Access to health insurance and health care is a critical social determinant of health, and with a shortened open enrollment period this year, communities are engaged in a range of activities to quickly screen and help enroll eligible individuals and families. Medical-legal partnerships across the country are playing a critical role by serving as and expanding the capacity of navigators, and in North Carolina, a Medicaid non-expansion state, the public health, medical, and legal communities are mobilizing together to ensure that North Carolinians can access coverage before the December 15 deadline.
Legal Aid of North Carolina, a medical-legal partnership partner to 12 health care systems, including hospitals and health centers operating in more than 30 different locations statewide, leads the NC Navigator Consortium, a group of 12 health care, social service, and legal aid organizations dedicated to assisting consumers from all 100 North Carolina counties to enroll in affordable health insurance plans through the Affordable Care Act (ACA). Formed in 2013, the Consortium is funded by a $2.44 million grant from the Centers for Medicare & Medicaid Services. Thanks in large part to the Consortium’s efforts, North Carolina has the third-highest number of ACA enrollments out of the nearly 40 states that use the federal Health Insurance Marketplace.
The NC Consortium works to organize, streamline, and expand the outreach and enrollment process statewide. This includes establishing a specialized statewide call-in number and on-line scheduling portal to allow consumers to easily access in-person appointments with certified, impartial navigators. Navigators are trained to help consumers understand the details of plans available in the Health Insurance Marketplace, determine eligibility and apply for financial assistance, complete the enrollment process, and identify consumers who are potentially eligible for Medicaid or CHIP. This system is the anchor for connecting North Carolinians to high quality, affordable health insurance options during the shortened 2018 enrollment period.
Legal Aid of North Carolina’s expanding medical-legal partnership work is directly tied to its role in the NC Navigator Consortium and its commitment to helping healthcare partners find innovative ways to screen and enroll even more people, and to incorporate those enrollment-related services into broader efforts to meet other health-harming legal needs. At hospitals and health centers offering MLP services, waiting areas, clinic/exam rooms, elevators, and providers’ work stations are stocked with posters and other materials about enrollment deadlines, how to enroll, and extra information about the ACA. Many MLP clinics and hospitals offer on-site appointments for patients and family members to meet with Navigators.
The University of North Carolina Children’s Hospital has had a formal partnership with Legal Aid of North Carolina for six years, and is one of the places working with legal aid to meet patients’ need for coverage. “We now know that signing up patients, or in our case it is often the parent of a patient, for health insurance coverage through the ACA can improve the lack of access to care and improve health,” said Michael Steiner, MD, MPH, Chief of the hospital’s Division of General Pediatrics and Adolescent Medicine. “Working with legal aid has dramatically enriched our understanding of health beyond health care and has broadened our health care team, and helped us to serve children and families in new, exciting, and innovative ways.”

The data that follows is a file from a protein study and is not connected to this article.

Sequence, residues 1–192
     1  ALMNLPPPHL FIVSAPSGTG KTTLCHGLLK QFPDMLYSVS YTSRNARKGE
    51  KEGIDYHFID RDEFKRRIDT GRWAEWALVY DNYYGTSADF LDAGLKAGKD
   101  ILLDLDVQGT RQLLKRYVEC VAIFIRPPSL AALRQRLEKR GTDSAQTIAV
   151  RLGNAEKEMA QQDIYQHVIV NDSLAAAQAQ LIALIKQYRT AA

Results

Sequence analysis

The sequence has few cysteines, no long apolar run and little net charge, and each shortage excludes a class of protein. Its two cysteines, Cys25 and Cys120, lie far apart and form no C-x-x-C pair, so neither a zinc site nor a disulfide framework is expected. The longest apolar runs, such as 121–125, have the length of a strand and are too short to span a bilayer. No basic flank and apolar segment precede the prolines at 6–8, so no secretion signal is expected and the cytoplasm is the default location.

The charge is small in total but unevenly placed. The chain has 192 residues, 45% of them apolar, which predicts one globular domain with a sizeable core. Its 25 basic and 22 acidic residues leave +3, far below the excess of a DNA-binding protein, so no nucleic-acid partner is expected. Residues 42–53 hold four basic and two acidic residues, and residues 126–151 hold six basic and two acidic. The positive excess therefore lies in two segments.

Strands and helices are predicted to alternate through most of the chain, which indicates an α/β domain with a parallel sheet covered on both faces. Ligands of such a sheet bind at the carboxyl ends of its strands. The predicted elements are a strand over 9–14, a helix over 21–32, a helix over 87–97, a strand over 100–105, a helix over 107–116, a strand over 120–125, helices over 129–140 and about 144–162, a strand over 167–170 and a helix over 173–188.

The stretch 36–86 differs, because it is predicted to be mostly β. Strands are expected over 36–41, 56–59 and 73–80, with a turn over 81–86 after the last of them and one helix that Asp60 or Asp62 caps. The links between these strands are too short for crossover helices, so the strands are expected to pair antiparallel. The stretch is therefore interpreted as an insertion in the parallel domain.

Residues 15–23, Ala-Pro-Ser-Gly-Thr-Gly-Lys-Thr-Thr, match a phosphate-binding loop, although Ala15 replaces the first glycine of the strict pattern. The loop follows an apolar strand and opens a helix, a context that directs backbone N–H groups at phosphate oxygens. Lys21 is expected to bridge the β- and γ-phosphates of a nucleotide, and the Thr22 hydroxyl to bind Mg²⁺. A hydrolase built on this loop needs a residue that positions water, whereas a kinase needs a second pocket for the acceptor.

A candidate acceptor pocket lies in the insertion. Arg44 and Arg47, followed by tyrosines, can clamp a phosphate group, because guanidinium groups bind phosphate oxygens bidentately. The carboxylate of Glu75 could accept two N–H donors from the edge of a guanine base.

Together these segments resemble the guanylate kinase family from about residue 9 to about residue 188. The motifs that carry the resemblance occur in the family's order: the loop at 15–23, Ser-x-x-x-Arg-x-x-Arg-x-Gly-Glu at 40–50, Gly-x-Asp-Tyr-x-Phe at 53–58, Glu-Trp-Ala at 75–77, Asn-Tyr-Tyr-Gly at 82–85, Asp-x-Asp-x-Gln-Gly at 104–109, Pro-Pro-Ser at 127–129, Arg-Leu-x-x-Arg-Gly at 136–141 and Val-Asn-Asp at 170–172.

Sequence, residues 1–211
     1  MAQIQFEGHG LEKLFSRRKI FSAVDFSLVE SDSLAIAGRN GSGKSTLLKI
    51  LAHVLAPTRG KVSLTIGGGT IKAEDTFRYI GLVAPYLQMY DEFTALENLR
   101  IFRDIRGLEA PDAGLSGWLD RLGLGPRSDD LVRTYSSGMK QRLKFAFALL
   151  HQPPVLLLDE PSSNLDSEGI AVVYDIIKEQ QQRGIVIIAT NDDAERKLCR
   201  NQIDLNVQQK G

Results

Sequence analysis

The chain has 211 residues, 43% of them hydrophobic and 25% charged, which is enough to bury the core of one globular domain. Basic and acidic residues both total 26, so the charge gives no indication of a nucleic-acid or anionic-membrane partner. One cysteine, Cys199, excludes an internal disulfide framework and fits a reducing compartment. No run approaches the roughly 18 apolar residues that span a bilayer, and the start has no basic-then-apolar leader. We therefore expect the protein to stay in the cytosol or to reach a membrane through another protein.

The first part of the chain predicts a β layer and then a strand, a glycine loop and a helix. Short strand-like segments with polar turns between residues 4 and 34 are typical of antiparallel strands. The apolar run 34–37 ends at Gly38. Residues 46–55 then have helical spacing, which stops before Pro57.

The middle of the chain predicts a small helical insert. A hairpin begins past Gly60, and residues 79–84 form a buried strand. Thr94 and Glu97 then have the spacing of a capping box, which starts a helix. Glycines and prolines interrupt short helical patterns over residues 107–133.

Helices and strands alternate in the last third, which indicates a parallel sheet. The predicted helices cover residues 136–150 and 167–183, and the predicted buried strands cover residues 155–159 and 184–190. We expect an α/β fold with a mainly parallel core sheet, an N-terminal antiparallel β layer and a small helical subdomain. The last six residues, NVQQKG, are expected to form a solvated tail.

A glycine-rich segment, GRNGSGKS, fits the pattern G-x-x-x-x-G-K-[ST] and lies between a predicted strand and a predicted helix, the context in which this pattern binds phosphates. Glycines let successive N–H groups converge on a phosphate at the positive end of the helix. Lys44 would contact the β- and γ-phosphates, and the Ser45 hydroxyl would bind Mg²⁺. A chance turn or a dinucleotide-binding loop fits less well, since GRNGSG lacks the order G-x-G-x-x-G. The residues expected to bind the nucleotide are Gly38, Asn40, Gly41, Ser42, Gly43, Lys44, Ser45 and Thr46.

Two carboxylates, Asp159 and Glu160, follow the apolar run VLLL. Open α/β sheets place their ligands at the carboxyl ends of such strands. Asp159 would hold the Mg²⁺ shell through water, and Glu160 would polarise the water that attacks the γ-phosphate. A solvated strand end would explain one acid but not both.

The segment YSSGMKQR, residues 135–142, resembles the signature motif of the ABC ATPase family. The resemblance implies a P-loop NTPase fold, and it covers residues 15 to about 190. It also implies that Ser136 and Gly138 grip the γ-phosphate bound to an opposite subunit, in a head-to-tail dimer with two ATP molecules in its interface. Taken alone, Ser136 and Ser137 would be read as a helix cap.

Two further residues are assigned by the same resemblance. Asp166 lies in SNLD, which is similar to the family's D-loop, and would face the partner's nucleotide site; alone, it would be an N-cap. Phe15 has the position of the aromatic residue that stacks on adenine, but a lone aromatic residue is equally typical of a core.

Moreover, a growing number of the hospitals and health centers partnering with Legal Aid of North Carolina routinely screen patients and family members regarding health insurance status in order to identify people who, due to a change in circumstances, such as a new family member or a job loss, may be eligible for ACA coverage outside of the ACA’s open enrollment season. This year-round screening amplifies ongoing efforts to improve patients’ access to health coverage, whether by enrolling them through the ACA, appealing Medicaid denials or terminations, or connecting them to other financial assistance.
Funding from the Cone Health Foundation and Kate B Reynolds Charitable Trust has allowed Legal Aid of North Carolina to expand its outreach and enrollment work in the Greensboro and Winston-Salem areas, respectively. These dedicated funds have also helped Legal Aid of North Carolina to focus on Medicaid gap work, helping low-income patients and families who may not qualify for ACA coverage to be screened and assisted with Medicaid applications and appeals. And its outreach and enrollment work has directly led to the development of three new medical-legal partnerships in the state that address a variety of social and legal needs beyond enrollment. These new partners include two community clinics in Greensboro—Family Services of the Piedmont and The Mustard Seed Clinic—and FirstHealth of Carolinas, a major, rural hospital system in the south-central part of the state.
“Our collaboration with Legal Aid of North Carolina was built, initially, on our shared commitment to expanding health insurance coverage to individuals living in the 16 rural counties that are served by our health system,” said Roxanne Elliott, Policy Director Community Health Services for FirstHealth of the Carolinas. “Very quickly, we realized that many of our patients were still suffering from complications of chronic diseases at rates greater than state averages, and the impacts of social determinants of health were evident. Now we are embarked on a deeper collaboration to help address other health and social needs together. The MLP is a win-win for everyone, most importantly the patients.”